Perhaps, as has been already suggested, smart people fail more than "dumb" people not because they are constantly crushed and afraid of failure, but because they have learned how to manage failure so well, that it hardly affects them in the same way it would affect someone who "isn't smart enough" to properly deal with it.
If you think there is some trend though, I would say it is overconfidence. Being smart doesn't guarantee you anything. People that aren't particularly smart recognize that they are going to have to work harder and so they do. They work harder and they are often successful. If you're overconfident in your own abilities then the following will happen:
a) you'll never seek help from others
b) you will put all of your eggs in one basket, thinking that one skill is all you need (it usually isn't)
c) you'll neglect your weaknesses
I feel like I'm a fairly smart person, but at the same time I fear failure. I know that there are no guarantees. Maybe this is pessimistic, I don't know.
College was okay, but it seemed like only certain majors had good financial prospects after graduation. I went to see a career counselor. The only thing the career counselor told me to do was to join the Peace Corps, most likely because her daughter had worked for the Peace Corps (by the way, the Peace Corps wants volunteers who have skills!).
Being smart has nothing to do with success. Success is based more on drive, a high emotional intelligence quotient, positive attitude, enthusiasm, and excellent social skills. Unfortunately, most of these traits do not come naturally for me. I work hard and end up with mediocre results, which makes me feel even more depressed :(
The other thing is that maybe it is a perception?
"He's very bright. Why did he just do that??? What was he thinking?!!?"
"Haha. Bob's an idiot!"
Which one do you remember? When the smart guy screws up, or when the village idiot does?
being smart doesn't guarantee that you'll be able to avoid a major pitfall later in life.
even the most "elite" intellectuals can fall into a rut of depression, get stuck, feel defeated, lose everything, and end up living in a box on the street. :p
everyone encounters obstacles in life... and being successful in school doesn't mean that you'll know how to handle the 'challenges' that you may have to face later on.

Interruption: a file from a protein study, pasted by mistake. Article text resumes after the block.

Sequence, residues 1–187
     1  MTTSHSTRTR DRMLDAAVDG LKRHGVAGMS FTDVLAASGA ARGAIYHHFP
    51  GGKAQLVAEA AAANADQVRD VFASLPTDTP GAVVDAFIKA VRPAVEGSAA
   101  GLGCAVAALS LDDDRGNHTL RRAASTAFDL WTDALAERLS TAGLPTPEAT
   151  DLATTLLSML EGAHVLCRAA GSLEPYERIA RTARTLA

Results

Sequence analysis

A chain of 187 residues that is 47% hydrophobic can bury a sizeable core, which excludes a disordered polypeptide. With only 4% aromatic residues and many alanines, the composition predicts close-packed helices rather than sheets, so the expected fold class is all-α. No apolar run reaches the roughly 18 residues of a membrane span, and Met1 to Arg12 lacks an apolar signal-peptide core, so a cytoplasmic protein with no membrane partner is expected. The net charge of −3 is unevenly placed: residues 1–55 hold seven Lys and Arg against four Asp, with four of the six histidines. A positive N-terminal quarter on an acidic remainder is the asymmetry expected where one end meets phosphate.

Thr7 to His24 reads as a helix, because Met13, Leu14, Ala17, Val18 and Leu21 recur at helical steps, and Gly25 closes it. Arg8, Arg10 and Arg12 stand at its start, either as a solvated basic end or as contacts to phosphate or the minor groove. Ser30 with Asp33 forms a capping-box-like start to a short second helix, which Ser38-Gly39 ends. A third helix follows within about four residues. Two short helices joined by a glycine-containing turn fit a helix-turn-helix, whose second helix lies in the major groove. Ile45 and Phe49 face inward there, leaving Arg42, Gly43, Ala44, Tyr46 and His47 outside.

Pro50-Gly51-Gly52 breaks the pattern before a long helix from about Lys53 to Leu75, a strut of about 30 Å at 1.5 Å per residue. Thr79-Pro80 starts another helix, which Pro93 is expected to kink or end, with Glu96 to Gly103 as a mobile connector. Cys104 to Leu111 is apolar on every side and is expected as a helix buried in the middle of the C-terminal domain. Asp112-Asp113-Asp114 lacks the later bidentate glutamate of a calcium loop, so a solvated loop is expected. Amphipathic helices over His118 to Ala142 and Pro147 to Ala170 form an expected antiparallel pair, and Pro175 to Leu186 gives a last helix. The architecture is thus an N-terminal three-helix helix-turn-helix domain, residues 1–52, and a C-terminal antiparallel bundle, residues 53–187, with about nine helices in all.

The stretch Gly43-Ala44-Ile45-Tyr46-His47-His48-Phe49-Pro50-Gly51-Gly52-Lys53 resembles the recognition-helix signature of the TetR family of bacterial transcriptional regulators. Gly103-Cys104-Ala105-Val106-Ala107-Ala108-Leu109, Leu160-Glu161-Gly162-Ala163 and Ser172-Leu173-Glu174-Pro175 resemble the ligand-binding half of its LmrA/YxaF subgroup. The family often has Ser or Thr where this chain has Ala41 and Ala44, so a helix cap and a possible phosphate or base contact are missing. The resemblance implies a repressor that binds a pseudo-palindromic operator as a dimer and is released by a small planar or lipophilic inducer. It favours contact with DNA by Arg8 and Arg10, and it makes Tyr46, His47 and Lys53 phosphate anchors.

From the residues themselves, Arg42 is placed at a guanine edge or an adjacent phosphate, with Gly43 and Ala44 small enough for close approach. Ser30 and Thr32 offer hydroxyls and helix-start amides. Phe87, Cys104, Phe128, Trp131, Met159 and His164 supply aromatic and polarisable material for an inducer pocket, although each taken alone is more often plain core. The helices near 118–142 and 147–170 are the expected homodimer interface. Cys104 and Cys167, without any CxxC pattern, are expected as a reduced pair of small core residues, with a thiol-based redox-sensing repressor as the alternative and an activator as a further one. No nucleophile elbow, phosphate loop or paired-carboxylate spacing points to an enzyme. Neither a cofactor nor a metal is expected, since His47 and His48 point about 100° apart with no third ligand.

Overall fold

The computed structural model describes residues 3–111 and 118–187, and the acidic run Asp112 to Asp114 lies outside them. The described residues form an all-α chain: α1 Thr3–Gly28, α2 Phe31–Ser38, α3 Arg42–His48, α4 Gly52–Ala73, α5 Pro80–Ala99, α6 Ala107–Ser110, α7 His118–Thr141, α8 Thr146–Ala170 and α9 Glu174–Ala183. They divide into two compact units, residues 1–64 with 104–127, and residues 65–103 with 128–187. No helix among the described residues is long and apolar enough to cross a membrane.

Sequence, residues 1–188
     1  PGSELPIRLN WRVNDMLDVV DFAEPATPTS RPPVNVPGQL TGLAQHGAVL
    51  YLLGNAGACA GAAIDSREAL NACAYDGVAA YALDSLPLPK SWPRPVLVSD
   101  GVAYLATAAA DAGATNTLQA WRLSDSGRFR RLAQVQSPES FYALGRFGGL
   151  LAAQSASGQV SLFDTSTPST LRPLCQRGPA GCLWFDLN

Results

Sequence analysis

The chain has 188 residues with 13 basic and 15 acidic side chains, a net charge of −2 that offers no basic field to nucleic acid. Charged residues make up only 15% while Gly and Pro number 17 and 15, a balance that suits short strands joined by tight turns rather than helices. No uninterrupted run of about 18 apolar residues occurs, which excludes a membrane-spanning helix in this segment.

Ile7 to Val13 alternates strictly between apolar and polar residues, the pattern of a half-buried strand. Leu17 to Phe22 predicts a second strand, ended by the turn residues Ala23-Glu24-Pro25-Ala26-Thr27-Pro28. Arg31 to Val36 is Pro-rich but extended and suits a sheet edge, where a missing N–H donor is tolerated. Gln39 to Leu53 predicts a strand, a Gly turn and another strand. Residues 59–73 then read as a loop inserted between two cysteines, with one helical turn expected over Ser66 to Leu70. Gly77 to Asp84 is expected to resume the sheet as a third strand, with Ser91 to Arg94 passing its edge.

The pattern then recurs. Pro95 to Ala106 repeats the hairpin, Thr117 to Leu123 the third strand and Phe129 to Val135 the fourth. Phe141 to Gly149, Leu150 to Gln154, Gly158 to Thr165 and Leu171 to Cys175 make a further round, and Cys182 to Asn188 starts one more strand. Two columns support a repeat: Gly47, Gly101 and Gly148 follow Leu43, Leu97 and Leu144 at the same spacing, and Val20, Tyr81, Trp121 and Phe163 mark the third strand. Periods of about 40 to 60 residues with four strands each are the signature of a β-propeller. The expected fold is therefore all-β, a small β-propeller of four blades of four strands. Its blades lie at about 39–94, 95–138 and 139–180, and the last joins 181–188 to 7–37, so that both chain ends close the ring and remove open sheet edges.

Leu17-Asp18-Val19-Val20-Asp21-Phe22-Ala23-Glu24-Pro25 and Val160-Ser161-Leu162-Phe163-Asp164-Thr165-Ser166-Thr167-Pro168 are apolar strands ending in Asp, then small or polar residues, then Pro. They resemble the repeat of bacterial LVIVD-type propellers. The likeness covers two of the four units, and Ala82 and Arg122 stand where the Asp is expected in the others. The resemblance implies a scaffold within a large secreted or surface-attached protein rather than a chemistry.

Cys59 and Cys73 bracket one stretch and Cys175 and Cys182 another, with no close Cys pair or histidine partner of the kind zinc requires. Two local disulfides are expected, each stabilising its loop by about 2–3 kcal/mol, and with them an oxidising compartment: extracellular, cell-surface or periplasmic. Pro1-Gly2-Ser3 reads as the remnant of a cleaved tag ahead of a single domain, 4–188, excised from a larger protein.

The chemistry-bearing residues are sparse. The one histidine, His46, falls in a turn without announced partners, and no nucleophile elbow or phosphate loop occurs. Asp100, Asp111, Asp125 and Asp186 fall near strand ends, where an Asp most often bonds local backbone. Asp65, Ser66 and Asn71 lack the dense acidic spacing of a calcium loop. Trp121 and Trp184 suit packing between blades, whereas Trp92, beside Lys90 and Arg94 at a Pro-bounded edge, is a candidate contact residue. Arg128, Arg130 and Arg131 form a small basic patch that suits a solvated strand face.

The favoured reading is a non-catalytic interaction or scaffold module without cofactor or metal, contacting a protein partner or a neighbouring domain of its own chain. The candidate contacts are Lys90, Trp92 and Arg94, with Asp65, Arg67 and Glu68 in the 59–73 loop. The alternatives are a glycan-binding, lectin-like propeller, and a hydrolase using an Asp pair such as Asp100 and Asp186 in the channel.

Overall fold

(plus, like someone else said, it all depends on how you define "smart"...)
Appearently because they're not as smart as they thought they were :)
You can't let your ego be bigger than your intelligence, otherwise you will end up doing bad decisions and failing.
If you're pretty smart you can often find the pace of life in certain situations extremely boring, and boredom can be very painful.
If you're the smartest kid in your class you can be bored into submission if there isn't much driving you.
Same thing with employment. If you're smarter than all your superiors you still may have to harness your ego while you rise.
Someone with high intelligence also needs to learn that it isn't everything and they need to be patient, persistent, high eq, etc.
bureaucracy, hierarchies, too much structure, other personal qualities lacking (as mentioned, patience, eq, etc)... all of these things can hold someone back.
Just a few examples from what I've seen/done.
ego/pride may be the most problematic.
This guy would probably have had no life after football either if he had continued on the path he was on. His version just came a decade earlier than if he had actually succeeded in playing.
The question is: What is the goal beyond the original goal? If there isn't one, then you get the situation described in this case.
As I talked about in another thread, I consider myself to be a "smart" person who continues to do stupid things. I know EXACTLY what i'm supposed to do to "succeed" in life, but I just can't be bothered to do them. Here are some examples of what I mean:
1. I'm currently in an educational "rut". I know that all I have to do get out of it is apply myself for 1 year and finish "a" degree, but i don't want to. Even though i know that I CAN do it if I want to and its for my own benefit to do so.
(At this very moment I should be studying for a test I have in 2 days, but I don't feel like it because I hate the subject.
I should've been studying for the past month and didn't want to..right now I can cram and still do fine..but i don't want to.)